“Hraparak” reports that Armenia’s Office of the Prosecutor-General celebrated on Tuesday the 90th anniversary of its creations with an official event that saw President Serzh Sarkisian hand state awards. “Who do you think got them?” the paper asks readers. “The most worthy and most intelligent officials? The ones who solved the most crimes? No, the ones who served the authorities the most.” The paper says most of the awarded prosecutors played a key role in the prosecution and imprisonment of scores of opposition supporters. “Instead of identifying and punishing those guilty of the March 1 slaughter and clarifying the real causes of the murder of ten persons, the authorities are rewarding law-enforcers who carried out a political persecution of the opposition,” it concludes grimly.
“When a part of our society stops lying that those arrested as part of the March 1 case are criminals or, as they say more mildly, ‘the investigation will clear up everything’ and another part stops being indifferent … there will be no political prisoners in Armenia,” editorializes “Aravot.” “If only Ter-Petrosian supporters demand the release of political prisoners, the authorities will always be able to say, ‘Members of Levon’s gang want their friends to get out of jails.’ If all normal persons admit that the arrested individuals expressed some ideas, no matter how flawed and unacceptable, and are in prison for those ideas, the problem will be immediately solved.”
“Azg” contends that Ter-Petrosian and his entourage have not abandoned their plans to “come to power by means of destabilization.” “For their part, the authorities must not contribute to a renewed escalation of tensions,” says the paper. “Their constant refusal to authorize rallies is absolutely unacceptable.” It says the authorities have still not explained why they banned Ter-Petrosian’s last rally outside Yerevan’s Matenadaran museum only to permit it at the last minute. “This was, to say the least, an unserious approach that must not be repeated,” concludes “Azg.”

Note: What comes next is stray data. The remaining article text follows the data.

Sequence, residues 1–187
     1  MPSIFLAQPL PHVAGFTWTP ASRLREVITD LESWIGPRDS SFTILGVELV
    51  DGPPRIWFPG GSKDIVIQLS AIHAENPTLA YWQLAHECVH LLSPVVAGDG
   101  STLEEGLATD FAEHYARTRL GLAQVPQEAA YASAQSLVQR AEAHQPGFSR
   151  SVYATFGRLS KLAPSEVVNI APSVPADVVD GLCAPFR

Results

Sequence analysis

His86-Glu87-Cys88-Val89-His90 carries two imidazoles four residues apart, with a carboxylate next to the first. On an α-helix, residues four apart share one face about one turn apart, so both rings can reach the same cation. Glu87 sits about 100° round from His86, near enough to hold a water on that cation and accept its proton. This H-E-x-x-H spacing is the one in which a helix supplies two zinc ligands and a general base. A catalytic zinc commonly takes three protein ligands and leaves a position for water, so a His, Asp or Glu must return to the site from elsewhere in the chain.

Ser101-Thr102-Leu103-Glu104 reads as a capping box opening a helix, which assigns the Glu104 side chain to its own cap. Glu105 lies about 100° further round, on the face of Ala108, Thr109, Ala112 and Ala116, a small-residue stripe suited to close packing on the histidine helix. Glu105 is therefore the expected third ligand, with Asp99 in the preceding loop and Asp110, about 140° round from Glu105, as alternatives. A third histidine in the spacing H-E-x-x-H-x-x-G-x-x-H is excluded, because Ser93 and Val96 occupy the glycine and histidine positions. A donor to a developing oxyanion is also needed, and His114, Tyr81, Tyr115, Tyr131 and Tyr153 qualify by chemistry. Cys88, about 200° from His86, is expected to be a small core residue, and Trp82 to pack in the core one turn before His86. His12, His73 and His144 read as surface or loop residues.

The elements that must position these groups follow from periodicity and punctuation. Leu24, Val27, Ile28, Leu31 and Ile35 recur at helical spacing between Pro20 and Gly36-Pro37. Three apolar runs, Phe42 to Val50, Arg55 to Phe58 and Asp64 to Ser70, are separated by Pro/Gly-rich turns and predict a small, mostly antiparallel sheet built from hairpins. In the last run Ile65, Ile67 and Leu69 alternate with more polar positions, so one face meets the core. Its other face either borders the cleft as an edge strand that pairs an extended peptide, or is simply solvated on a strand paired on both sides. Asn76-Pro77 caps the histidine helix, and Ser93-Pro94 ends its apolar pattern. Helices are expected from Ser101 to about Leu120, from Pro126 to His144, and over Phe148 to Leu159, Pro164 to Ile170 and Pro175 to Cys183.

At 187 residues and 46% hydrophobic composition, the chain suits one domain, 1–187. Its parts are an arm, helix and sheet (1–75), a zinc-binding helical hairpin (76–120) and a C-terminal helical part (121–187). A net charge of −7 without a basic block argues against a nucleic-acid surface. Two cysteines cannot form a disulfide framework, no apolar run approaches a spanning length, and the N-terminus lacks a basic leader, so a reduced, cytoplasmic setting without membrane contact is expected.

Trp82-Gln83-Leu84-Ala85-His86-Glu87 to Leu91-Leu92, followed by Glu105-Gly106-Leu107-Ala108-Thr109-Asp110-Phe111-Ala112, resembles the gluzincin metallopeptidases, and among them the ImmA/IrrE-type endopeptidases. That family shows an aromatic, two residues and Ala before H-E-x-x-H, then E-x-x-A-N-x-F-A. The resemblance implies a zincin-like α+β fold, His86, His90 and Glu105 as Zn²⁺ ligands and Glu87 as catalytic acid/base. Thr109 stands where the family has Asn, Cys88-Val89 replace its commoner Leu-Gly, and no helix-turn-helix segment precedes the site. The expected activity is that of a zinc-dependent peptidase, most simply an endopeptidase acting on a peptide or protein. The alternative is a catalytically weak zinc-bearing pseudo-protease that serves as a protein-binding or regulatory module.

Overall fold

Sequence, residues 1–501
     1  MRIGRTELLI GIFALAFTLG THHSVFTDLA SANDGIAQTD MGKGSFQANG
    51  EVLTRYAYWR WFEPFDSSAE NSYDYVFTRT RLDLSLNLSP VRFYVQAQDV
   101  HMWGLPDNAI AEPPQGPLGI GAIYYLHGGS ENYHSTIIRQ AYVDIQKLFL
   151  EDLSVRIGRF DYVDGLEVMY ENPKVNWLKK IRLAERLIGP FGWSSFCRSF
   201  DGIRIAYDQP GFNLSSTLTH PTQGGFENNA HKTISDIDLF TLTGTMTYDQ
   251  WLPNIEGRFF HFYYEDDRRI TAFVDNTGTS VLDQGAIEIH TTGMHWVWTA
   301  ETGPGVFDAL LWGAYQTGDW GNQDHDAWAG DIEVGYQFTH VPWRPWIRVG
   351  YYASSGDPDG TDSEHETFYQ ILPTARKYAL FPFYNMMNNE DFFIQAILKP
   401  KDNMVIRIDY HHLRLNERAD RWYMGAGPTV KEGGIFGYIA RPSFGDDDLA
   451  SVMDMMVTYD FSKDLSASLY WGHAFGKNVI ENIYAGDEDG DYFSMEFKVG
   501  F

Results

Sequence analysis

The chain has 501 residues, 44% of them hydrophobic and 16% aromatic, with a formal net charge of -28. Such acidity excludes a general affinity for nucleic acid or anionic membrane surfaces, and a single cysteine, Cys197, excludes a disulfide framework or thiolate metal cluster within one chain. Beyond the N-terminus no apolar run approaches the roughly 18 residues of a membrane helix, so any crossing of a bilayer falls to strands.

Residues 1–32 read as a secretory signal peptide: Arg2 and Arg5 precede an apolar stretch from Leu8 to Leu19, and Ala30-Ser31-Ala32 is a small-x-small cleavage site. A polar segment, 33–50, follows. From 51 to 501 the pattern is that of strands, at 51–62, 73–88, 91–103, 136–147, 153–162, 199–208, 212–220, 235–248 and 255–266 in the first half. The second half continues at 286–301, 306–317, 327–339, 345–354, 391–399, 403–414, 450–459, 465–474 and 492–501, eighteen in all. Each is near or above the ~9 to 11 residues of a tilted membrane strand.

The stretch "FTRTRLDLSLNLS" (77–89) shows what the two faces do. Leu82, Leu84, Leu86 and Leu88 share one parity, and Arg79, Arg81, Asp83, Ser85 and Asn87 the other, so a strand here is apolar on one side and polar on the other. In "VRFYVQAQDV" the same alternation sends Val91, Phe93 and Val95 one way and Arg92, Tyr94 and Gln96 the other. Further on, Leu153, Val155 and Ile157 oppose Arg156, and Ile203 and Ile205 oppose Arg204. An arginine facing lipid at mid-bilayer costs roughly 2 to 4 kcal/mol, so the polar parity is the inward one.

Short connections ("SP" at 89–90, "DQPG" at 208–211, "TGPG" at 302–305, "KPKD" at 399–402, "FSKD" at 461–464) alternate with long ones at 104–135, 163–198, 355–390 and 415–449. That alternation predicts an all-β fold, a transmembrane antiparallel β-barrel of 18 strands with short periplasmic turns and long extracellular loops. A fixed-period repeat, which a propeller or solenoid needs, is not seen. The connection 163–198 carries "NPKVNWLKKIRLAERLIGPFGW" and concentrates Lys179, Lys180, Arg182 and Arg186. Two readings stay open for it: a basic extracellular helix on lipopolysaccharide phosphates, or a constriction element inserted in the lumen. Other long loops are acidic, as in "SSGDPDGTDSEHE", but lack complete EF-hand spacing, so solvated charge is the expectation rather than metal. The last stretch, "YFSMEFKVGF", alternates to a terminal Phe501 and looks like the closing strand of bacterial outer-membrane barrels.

“Hayots Ashkhar” is concerned about Armenia’s widening trade deficit which contrasts with government pledges to spur exports and thereby create more jobs. “That deficit stood at $686 million in the first five months of last year and surged to $1.14 billion in the first five months of this year,” explains the paper. “That means our competitiveness is sharply down from last year’s level.” It says Armenian exports rose by a meager 0.2 percent while imports jumped by more than 40 percent in January-May 2008.